17:25 GMT20 June 2021
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    A team of researchers working with diving company One Ocean Diving recently came upon on rare sighting of Deep Blue, a massive great white shark believed to be the largest of its kind on record.

    The diving team spotted Deep Blue, who's believed to be more than 50 years of age, some 20 miles off the southern shores of Oahu, Hawaii News Now reported. Researchers steered clear of giving a more exact location out of concern for public safety.

    ​Pictures and recordings of the jaw-dropping encounter show divers getting up close and personal with Deep Blue as she swims back and forth to an area where a dead sperm whale was located. Researchers are speculating that Deep Blue may be pregnant.

    ​"This individual may be one of the largest recorded and bears similar markings to 'Deep Blue', a shark I've studied in Isla Guadalupe, Mexico, where I've done most of my work with white sharks," Ocean Ramsey, one of the researchers who swam with Deep Blue, told the New Zealand Herald.

    "This gentle giant swam up and brushed up against our boat repeatedly. There is a theory that large females come here when they are possibly pregnant, trailing whales."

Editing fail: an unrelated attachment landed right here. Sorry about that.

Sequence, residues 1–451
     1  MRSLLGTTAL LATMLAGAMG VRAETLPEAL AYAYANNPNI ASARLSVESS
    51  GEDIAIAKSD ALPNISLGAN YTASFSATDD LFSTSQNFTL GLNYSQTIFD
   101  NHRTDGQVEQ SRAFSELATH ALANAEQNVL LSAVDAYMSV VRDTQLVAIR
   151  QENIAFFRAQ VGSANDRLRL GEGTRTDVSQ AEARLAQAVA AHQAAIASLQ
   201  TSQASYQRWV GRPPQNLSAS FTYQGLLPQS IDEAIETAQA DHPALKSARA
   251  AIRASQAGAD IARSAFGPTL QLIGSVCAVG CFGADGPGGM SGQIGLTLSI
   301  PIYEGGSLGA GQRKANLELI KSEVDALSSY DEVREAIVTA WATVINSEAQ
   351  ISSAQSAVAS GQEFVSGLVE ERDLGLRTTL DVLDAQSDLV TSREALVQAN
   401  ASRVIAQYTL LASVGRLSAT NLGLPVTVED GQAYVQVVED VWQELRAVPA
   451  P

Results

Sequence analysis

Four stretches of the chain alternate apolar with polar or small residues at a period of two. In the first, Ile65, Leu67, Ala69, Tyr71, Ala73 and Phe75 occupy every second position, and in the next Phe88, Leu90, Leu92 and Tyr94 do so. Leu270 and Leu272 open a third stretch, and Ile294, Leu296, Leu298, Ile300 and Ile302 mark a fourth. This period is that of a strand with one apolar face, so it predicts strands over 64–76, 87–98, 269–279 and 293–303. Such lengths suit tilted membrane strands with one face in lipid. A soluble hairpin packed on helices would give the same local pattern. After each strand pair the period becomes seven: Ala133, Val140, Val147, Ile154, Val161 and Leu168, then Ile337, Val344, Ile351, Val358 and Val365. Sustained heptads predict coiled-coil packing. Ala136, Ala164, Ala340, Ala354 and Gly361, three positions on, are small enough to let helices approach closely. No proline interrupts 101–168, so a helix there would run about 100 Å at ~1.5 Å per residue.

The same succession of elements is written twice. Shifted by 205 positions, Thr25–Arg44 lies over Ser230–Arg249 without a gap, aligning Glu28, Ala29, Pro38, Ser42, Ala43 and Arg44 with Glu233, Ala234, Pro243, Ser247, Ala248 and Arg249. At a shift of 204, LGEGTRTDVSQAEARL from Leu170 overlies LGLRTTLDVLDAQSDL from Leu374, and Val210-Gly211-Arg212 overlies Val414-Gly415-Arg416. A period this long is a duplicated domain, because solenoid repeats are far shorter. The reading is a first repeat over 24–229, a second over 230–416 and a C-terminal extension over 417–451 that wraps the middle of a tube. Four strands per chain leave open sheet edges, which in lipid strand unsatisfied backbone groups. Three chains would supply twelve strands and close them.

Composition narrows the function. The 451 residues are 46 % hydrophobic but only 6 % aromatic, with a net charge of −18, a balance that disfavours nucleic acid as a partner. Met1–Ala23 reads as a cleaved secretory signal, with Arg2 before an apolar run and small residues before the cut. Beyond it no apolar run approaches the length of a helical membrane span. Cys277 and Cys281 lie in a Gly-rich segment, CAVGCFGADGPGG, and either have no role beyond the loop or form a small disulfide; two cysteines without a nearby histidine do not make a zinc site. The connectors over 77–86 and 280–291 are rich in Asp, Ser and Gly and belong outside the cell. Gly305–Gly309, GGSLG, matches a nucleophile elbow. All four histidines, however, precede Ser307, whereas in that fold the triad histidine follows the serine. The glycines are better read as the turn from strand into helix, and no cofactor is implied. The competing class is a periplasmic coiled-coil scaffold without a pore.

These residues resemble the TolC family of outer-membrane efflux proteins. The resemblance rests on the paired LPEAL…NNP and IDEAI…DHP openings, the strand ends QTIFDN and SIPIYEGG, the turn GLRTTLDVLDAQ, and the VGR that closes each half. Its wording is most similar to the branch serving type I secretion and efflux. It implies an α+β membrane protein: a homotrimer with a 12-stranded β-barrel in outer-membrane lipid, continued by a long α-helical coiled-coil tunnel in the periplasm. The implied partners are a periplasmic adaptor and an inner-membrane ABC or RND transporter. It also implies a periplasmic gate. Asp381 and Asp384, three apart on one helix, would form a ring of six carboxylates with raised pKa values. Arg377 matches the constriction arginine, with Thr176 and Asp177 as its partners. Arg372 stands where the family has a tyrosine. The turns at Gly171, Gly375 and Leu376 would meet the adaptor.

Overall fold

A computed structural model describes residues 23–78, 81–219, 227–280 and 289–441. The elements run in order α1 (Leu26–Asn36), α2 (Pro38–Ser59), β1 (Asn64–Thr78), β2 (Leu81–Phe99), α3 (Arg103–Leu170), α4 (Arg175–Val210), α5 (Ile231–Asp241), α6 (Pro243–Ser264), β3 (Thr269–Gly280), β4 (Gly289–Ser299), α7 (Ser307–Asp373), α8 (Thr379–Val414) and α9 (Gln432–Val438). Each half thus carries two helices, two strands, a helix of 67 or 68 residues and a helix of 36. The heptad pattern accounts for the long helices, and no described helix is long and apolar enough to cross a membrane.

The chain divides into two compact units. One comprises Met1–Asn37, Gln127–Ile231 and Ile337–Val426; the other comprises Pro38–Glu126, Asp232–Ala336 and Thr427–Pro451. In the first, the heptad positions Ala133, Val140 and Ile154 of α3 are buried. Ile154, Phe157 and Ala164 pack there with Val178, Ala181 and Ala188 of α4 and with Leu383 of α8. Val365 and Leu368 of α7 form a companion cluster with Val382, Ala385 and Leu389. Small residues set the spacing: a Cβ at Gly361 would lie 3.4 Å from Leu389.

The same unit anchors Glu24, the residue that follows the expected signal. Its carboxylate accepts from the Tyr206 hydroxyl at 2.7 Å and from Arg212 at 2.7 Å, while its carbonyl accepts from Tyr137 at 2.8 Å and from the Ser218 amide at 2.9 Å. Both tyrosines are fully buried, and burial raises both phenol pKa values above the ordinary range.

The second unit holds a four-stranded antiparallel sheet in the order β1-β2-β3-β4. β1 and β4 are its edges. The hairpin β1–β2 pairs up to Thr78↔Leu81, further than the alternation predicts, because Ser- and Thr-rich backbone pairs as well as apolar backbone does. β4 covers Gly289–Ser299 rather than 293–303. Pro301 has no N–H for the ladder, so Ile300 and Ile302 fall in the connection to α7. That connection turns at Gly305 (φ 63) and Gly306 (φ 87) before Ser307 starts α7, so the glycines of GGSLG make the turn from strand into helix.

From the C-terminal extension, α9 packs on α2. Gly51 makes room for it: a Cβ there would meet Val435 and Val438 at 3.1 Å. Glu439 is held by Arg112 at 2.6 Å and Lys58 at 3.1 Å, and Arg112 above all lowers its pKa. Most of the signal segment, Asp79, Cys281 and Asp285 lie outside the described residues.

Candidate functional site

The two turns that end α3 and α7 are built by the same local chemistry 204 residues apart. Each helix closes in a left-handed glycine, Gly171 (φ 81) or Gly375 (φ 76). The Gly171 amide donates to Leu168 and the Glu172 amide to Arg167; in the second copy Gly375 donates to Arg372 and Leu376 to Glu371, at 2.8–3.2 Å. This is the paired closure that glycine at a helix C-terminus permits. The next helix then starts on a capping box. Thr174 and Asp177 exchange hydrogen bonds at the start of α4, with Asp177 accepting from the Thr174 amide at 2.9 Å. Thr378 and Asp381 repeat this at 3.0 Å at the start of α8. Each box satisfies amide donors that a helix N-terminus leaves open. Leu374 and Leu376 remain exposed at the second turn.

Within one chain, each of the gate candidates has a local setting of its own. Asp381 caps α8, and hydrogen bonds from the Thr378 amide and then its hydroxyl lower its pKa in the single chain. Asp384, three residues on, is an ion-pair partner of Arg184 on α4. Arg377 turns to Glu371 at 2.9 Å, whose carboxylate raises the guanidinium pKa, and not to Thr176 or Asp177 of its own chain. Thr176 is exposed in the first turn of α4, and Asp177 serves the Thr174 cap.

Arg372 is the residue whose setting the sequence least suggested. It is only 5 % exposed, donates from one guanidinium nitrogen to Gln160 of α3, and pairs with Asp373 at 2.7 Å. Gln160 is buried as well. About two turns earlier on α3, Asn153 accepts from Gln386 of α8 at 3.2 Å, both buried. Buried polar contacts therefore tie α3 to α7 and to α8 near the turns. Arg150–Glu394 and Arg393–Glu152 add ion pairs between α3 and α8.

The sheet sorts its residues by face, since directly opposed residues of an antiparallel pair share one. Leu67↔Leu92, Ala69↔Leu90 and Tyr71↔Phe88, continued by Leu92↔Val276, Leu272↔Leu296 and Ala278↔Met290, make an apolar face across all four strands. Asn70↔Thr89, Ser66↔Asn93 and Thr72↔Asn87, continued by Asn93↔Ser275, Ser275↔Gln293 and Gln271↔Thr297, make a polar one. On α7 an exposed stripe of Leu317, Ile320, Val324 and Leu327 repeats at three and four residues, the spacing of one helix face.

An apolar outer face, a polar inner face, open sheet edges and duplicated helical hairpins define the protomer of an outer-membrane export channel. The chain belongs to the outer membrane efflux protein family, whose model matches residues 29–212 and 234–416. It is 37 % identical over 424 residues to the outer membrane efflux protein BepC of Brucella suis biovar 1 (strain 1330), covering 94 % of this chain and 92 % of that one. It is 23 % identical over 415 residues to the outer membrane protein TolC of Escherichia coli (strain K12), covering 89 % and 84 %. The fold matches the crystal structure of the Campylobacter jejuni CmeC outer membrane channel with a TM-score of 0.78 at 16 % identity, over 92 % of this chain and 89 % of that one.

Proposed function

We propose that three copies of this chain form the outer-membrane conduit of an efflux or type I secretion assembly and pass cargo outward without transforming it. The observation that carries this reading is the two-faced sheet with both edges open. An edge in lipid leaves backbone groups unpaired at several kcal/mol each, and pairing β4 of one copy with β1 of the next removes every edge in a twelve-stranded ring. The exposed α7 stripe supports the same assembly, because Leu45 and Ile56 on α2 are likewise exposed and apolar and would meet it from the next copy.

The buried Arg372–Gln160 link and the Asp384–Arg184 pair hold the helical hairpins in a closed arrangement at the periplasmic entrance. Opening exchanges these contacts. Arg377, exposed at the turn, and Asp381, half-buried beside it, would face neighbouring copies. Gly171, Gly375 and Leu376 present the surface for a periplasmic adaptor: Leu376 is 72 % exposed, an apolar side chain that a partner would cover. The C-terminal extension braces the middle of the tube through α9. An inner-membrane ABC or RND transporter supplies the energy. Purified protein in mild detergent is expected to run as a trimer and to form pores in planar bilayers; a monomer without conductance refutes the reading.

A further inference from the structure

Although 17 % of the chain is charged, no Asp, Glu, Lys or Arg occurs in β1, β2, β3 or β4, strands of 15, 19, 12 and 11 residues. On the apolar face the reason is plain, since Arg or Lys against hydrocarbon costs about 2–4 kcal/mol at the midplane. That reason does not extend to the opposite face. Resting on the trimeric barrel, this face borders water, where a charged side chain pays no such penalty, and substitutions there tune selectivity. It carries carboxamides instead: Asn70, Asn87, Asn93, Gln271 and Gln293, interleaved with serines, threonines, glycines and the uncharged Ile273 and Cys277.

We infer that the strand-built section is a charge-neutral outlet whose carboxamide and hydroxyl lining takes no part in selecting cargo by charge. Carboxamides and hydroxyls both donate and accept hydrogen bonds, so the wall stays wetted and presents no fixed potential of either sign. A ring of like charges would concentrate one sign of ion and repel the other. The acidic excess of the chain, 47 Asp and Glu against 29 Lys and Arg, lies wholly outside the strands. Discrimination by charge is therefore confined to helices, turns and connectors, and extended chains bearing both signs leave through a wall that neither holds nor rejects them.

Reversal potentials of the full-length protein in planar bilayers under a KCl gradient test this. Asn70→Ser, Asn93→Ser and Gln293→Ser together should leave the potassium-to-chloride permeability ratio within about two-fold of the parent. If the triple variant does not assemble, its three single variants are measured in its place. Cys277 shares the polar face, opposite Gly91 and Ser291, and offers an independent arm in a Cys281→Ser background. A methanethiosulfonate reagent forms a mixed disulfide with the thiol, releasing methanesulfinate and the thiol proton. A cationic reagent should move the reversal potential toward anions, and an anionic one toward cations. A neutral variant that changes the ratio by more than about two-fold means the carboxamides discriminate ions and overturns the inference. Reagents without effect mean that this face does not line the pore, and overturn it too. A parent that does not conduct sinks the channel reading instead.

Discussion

​With a decent following on social media, Deep Blue has become something of an icon. Fans of the reportedly 20-foot long gal frequently fawn over new footage when it's uploaded and shared. "Love this big beautiful girl," one netizen wrote when Deep Blue was spotted in Mexico back in 2015. "What a spectacular sight."

    Last spotted in Mexico in July 2018, Deep Blue earned her crown as one of the biggest great whites in 2014 during an episode of Shark Week, according to Motherboard, which cited researcher Mauricio Hoyos Padilla as giver of the title.

    But not everyone agrees that Deep Blue is in fact the biggest shark out there. Michael Domeier, president and executive director of the Marine Conservation Science Institute, told the publication that the claim was just a "Discovery Channel gimmick." Ouch.

    ​"I led the white shark research project at Guadalupe Island and first documented Deep Blue in 1999, 20 years ago… Deep Blue has never been measured, so how could anyone make that statement?" he questioned.

    While Deep Blue's actual measurements are still up for argument, Domeier did suggest that the shark was possibly pregnant and that she was likely to head back to Mexico's Guadalupe Island after giving birth.

    Get ready folks: this upcoming fall, there's going to be a new kid in town.


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